The fractions of 200 random composition effect profiles promoting irreversible (A), reversible (B), and no differentiation (C) strategies at various cell differentiation costs (csg, cgs). In the absence of costs (cgs=csg=0), only reversible strategies were observed. Reversible strategies are prevalent at smaller cell differentiation costs. No differentiation strategies are the most abundant at large costs for germ-role cells (cgs). Irreversible strategies are the most abundant at large costs for soma-role cells (csg). (D) Cumulative cell differentiation rate (gss+12ggs+sgg+12sgs) in developmental strategies evolutionarily optimal at various differentiation costs (csg=cgs), separated by class (irreversible somatic differentiation, reversible somatic differentiation, or no somatic differentiation). Thick lines represent median values within each class, shaded areas show 90% confidence intervals. For each cost value, 3000 random profiles are used in this panel. Evolutionary optimal reversible strategies (orange) have much higher rates of cell differentiation than irreversible strategies (green). Consequently, reversible strategies are penalized more under costly differentiation. (E–H) Shapes of composition effect profiles (compare Figure 1D) promoting irreversible (green lines), reversible (orange lines), and no differentiation (black lines) strategies at four parameter sets indicated in panel A. The maturity size used in the calculation is 210 cells.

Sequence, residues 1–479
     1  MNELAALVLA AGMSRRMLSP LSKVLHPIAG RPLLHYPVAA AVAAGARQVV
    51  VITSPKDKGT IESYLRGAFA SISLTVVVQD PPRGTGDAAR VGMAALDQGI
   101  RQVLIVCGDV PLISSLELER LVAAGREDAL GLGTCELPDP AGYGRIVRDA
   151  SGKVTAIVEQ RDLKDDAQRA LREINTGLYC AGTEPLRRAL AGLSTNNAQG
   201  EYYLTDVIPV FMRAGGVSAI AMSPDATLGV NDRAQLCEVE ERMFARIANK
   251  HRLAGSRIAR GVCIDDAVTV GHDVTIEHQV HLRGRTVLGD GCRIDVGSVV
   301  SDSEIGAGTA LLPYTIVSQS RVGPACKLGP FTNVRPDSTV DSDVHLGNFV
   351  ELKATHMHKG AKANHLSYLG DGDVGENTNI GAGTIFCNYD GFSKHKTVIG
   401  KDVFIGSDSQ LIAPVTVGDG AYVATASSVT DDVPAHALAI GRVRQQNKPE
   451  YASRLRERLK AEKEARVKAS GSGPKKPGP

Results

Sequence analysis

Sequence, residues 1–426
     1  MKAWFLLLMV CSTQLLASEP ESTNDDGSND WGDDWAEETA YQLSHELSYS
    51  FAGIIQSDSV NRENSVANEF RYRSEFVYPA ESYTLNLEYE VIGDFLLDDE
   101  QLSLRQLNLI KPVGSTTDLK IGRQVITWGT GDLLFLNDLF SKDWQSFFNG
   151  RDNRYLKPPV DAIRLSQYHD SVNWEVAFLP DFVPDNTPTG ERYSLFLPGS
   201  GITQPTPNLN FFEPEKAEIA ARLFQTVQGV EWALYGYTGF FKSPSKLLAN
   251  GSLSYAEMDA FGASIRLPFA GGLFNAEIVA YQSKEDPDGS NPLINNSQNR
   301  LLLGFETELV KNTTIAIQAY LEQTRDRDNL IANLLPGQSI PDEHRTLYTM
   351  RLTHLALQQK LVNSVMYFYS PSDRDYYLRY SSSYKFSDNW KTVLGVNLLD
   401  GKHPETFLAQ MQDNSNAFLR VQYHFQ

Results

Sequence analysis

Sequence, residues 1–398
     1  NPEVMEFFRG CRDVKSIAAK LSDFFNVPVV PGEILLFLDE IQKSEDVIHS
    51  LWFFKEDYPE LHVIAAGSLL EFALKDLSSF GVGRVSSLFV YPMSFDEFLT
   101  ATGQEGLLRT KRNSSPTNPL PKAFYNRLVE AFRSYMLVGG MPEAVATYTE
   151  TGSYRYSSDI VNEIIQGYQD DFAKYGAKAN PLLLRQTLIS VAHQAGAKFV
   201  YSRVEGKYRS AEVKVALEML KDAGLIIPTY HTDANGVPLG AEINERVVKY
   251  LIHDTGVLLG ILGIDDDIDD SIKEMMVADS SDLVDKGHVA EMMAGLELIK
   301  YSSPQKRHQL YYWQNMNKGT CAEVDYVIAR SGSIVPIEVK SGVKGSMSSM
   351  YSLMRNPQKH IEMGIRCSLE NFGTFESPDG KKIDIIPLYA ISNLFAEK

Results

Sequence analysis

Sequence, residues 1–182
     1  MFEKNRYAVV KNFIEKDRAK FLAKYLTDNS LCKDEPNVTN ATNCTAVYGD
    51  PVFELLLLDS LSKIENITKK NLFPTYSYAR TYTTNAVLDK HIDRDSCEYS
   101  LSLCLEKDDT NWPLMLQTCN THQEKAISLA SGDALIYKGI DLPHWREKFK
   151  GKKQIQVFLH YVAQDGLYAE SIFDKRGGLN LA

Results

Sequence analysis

Irreversible soma evolves when substantial benefits arise at small concentrations of soma-role cells.